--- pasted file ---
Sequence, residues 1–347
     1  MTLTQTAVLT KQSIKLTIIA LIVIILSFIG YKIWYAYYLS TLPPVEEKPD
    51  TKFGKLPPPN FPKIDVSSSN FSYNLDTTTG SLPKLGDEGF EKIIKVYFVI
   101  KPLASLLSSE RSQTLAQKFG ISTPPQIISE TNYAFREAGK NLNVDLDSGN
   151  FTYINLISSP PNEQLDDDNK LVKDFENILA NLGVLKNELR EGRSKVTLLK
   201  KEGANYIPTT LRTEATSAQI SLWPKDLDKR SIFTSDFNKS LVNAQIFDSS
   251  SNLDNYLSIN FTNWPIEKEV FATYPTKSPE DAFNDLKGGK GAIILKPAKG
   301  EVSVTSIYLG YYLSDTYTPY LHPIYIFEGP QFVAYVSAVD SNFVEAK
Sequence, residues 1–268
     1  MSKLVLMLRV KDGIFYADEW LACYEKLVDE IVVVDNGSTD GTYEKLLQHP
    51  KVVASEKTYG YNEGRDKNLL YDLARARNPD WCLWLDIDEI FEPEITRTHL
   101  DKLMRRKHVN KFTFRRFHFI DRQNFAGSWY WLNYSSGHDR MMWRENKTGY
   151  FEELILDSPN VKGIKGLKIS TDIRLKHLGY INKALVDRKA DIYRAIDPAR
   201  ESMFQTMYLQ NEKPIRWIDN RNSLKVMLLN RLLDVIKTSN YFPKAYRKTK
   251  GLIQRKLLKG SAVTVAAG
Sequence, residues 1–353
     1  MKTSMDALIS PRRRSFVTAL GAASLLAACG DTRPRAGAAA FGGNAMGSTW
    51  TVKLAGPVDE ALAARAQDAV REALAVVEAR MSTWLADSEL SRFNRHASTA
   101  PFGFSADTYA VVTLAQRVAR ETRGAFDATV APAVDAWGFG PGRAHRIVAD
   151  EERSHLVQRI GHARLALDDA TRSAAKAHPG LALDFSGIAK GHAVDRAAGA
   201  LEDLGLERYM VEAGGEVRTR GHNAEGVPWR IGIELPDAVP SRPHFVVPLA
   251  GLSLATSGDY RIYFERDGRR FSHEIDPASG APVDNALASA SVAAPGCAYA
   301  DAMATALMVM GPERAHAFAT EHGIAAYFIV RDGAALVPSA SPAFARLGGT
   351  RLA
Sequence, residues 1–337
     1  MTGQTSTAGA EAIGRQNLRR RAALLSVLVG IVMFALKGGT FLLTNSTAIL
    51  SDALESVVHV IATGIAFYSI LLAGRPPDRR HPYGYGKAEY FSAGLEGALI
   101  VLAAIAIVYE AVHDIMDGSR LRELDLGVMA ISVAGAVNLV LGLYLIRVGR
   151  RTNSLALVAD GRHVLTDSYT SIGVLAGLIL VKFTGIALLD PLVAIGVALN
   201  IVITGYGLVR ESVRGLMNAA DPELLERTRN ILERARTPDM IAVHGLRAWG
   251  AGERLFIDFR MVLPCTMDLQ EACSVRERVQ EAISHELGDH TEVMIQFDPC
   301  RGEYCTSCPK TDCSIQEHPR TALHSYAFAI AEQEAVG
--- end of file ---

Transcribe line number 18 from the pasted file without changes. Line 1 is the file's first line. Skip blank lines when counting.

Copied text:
    51  TVKLAGPVDE ALAARAQDAV REALAVVEAR MSTWLADSEL SRFNRHASTA